Score one more for the dehydrator! Looks like I have another way to use fruit this summer in addition to canning jam. This was so easy and cheap, too. I’ll be reviewing The DIY Pantry by Kresha Faber after I try a few more of her recipes. So far I’m pretty sold on buying a copy for my personal library.

The Silver Star Gets A Gold Star From Me

I finished another book recently! I picked up Jeannette Walls’ book The Silver Star (though I was late to the game, as it was published nearly a year ago in June of 2013) because I’ve enjoyed her other books immensely. Despite the controversy that has surrounded The Glass Castle and the criticism it has received as potentially being a work of mostly fiction I frequently recommend it to people who come into the library looking for something different or entertaining. I enjoyed it and Half Broke Horses because they are just descriptive enough and have that unique element of balanced humor and seriousness.

Anyway, back to The Silver Star. The book takes place in the 1970s. Our narrator is 12 year old Bean (Jean) Holladay and the story centers mostly around her and her 15 year old half-sister Liz. At the beginning of the book the girls live with their easy come, easy go mother Charlotte Holladay, a singer/song-writer who conveniently abandons things that are tough or make her uncomfortable. Shortly into the story Charlotte does just that: she abandons the girls, promising to return after she’s had some solo time. When Charlotte hasn’t returned a few weeks later, the girls fear they’ll be found out and moved into foster care. Liz, always the problem-solver and definitely idolized by Bean, suggests they travel across the country to Byler, Virginia, where Uncle Tinsley still lives in the old Holladay mansion.

When the girls arrive in Byler things aren’t quite what they expected. They slowly, at first, form a relationship with Uncle Tinsley and then realize they’ll probably be staying in Byler for awhile. The girls make themselves at home, learning about the Holladay family’s history of owning the mill in Byler, meeting family, exploring, and going to the newly-integrated school. They decide to look for jobs and soon find it at a local family’s house, working for the mill’s foreman, Mr. Maddox. Though initially considered somewhat of an outcast, Bean embraces her new school and the friendships she makes there and with her father’s family. Liz, however, keeps her nose to the grindstone working for Mr. Maddox and begins withdrawing after being made fun of at school. Then something awful happens to her, and she becomes even more withdrawn, while Bean takes charge of the situation, at least as much as one can take charge.

The Silver Star is a coming of age story of two girls in a unique situation, in a classic southern town dealing with some classic issues and some unique ones. I absolutely adored some of the characters: Bean was, of course, my favorite, but Uncle Tinsley, Joe, Aunt Al, and Liz are all wonderful also. Bean’s innocent courage and curiosity remind me a lot of another famous literary character, Scout from To Kill A Mockingbird. Mr. Maddox also reminded me of a character from Harper Lee’s famous masterpiece, as did the atmosphere, storyline, and the storytelling. The Silver Star also many elements that were reminiscent of The Glass Castle, such as the abandonment, the strongman characters, the sibling relationships, and the coping skills, which isn’t surprising, consider they’re written by the same author.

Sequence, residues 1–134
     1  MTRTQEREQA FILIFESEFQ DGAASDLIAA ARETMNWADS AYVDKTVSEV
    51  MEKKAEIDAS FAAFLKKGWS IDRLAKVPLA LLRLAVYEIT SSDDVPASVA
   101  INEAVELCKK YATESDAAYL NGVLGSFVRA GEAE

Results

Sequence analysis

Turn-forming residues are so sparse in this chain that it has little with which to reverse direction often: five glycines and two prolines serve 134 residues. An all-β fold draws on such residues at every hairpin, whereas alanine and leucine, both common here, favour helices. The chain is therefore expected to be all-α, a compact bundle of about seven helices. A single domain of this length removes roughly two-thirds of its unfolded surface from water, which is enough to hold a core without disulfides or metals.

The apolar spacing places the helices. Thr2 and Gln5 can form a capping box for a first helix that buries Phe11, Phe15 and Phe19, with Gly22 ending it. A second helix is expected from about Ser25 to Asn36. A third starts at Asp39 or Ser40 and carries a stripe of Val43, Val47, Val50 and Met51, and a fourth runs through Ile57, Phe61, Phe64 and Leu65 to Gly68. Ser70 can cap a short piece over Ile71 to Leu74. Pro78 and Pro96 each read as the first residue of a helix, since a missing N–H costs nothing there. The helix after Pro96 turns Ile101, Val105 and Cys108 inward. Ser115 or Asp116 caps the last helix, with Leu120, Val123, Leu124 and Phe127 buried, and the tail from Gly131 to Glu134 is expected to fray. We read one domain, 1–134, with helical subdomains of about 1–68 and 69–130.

I would probably give this book 4.5/5 stars; if I had just recently finished Jeannette Walls’ other books I might have been more disappointed, as I would definitely consider this book my least favorite (what a back-handed compliment). It was easy to read and possibly geared more toward young readers though it surely appeals to both a young adult and adult audience. While I wouldn’t say the book is fast-paced it does move along easily, but the first third of the book had some moments that were slow. The book has several miniature lessons and moments and characters that left me thinking. Though I didn’t like it as much as I liked either of Walls’ other books or To Kill A Mockingbird, it was a fantastic story that I may pick up again and have already suggested to others. I can’t wait to read more from Jeannette Walls, and am currently seeking a book that reads similarly.

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Inherit the Dead: a Decent Book for a Great Cause

About a month ago I was chilling at the desk at work when an older gentleman handed me an audiobook and said “My wife said this book was really good. I’d like to get the print version of it, if it’s in, so I can read it please.” I found it for him and told my long-time mentor/friend/coworker/first boss what the guy had said. We both decided to take the book home; she took home another copy of the book and I took the audiobook, since it’s pretty much the closest I can come to guaranteeing to finish a book these days. The book was Inherit the Dead, and on the cover it said “Twenty thrilling writers, one chilling mystery.” Normally I steer clear of books by multiple authors; I feel like these stories tend to be disjointed and just not very entertaining to me. I can’t stay interested, but then I typically struggle with adult mysteries anyway, unless they lean on the thriller/horror side of things. I ended up taking home and finishing and enjoying Inherit the Dead, however, much to my surprise.

Inherit the Dead, edited by Jonathan Santlofer, was crime writer Linda Fairchild’s idea. She endeavored to call attention to Safe Horizon through the combined talent of other crime/legal/mystery bestselling authors Mark Billingham, Lawrence Block, CJ Box, Ken Bruen, Alafair Burke, Stephen L. Carter, Mary Higgins Clark, Marcia Clark, Max Allan Collins, John Connolly, James Grady, Heather Graham, Bryan Gruley, Charlaine Harris, Val McDermid, SJ Rozan, Jonathan Santlofer, Dana Stabenow, Lisa Unger, and Sarah Weinman. In 1978 Safe Horizon was founded in New York to “provide support, prevent violence and promote justice for victims of crime and abuse, their families and communities.” The organization helps over 250,000 victims of crime every year and is the largest provider of services for victims of domestic violence in America. If the book is to support a cause like this I decided I had to read it and review it. And if you know me, you know a few things: (1) I don’t have much time to read, and therefore don’t do much of it these days, (2) I haven’t reviewed a book in a long, long time, but (3) I love reviewing books. So this has to mean something, right?